Released two years ago today, Arcade Fire's "The Suburbs" was the best album of 2010, and the best album that this young decade has had to offer. For me it will always be connected to a time in my life that was, shall we say, a bit on the stressful side.
For a little over seven years (until January of this year) I worked for a non-profit Association here in my hometown of Sacramento. There was a time when I thought it could be the place that I would retire from, even though that milestone is at least another decade away. But then one of those things happened that proves the old adage (which was said, but perhaps not originated by, John Lennon) that life is what happens when you make other plans. Our Executive Director, ambushed in a television interview, was forced to retire after, among other things, it became known that he had used the Association's credit card to obtain cash advances at casinos. There were other things which I won't go into detail here, but suffice to say that it was not a pleasant experience to learn things like this about someone that you had known for over 25 years and considered a friend, and even mentor.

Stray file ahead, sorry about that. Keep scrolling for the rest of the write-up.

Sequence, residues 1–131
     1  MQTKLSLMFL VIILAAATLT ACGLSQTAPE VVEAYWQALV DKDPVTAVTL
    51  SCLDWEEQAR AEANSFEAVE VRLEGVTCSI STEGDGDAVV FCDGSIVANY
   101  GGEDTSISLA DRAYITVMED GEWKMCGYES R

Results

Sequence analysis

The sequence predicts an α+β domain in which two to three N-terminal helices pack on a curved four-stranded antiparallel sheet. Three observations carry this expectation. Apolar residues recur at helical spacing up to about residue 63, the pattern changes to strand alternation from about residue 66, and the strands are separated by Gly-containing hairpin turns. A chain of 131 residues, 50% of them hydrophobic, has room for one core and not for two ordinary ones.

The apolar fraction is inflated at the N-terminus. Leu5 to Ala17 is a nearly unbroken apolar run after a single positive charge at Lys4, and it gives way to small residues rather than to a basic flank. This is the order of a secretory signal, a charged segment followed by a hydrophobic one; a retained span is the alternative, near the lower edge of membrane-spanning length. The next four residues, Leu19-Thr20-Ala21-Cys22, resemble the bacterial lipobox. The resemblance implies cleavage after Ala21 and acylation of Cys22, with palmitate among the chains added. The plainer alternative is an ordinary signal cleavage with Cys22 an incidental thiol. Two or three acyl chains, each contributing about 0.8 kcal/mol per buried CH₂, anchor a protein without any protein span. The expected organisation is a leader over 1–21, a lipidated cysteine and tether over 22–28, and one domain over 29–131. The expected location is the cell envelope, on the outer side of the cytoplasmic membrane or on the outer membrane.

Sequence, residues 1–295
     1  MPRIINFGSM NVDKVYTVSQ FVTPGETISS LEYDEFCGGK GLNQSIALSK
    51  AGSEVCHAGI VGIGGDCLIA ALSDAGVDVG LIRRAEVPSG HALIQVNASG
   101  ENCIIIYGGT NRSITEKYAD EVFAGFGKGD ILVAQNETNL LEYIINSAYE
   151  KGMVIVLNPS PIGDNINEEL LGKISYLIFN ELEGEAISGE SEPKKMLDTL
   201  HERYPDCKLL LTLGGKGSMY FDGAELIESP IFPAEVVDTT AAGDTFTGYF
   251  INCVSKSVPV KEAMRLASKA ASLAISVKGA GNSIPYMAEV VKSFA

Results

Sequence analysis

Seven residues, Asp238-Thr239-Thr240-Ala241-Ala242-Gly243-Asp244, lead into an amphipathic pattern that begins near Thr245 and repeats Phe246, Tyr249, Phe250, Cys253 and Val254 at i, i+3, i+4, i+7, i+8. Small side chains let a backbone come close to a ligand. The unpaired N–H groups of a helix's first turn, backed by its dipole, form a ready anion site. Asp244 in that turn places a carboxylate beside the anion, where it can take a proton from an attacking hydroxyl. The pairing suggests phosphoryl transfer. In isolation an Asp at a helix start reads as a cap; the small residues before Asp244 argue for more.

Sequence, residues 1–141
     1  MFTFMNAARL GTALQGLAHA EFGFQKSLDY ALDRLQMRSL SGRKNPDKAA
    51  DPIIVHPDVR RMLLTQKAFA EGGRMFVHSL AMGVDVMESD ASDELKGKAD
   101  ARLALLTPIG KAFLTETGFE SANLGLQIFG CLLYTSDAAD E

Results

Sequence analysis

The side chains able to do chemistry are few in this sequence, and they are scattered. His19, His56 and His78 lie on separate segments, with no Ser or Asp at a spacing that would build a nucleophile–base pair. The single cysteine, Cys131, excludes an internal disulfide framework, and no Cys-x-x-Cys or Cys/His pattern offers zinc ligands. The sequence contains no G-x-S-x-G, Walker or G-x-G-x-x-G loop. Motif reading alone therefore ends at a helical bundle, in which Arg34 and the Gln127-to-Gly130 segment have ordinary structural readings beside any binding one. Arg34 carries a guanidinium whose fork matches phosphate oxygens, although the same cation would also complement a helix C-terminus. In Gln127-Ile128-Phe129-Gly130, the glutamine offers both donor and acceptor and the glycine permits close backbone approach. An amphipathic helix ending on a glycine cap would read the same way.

All of that happened in late July, and it's fair to say that the 2-3 months which followed that fortnight were the most stressful 2-3 months of my life. I look back on it now, and am thankful that the feeling with which I awoke every morning - a feeling that I'd describe as feeling helpless, caught in the middle of an unending scream - finally dissipated and eventually went away for good (although there are flashbacks from time to time).
So in the midst of all this, Arcade Fire went and released what I knew from the very first listen was a classic album. But for a while, I almost didn't want to listen to it. If this series has proved anything, it's that when you care about music the way that I do, songs, albums and artists become inexorably linked to the memories of one's lifetime. There are songs that have appeared on this list, songs that are 40 years old, still transport me in time back to the period when I first heard them. So, did I really want that to happen with an album that I knew was going to become one of my all-time favorites?
In the end, I couldn't resist, so I made the songs on the album my weapons. At those moments when things would get a little rough, when stuff was really running 'round my head, I'd just turn them up louder. Especially the two fast ones - "Month of May" and "Ready to Start." I'd listen to them over and over, and for a brief moment, all would be right with the world.
"Ready to Start," Arcade Fire - from the summer of 2010.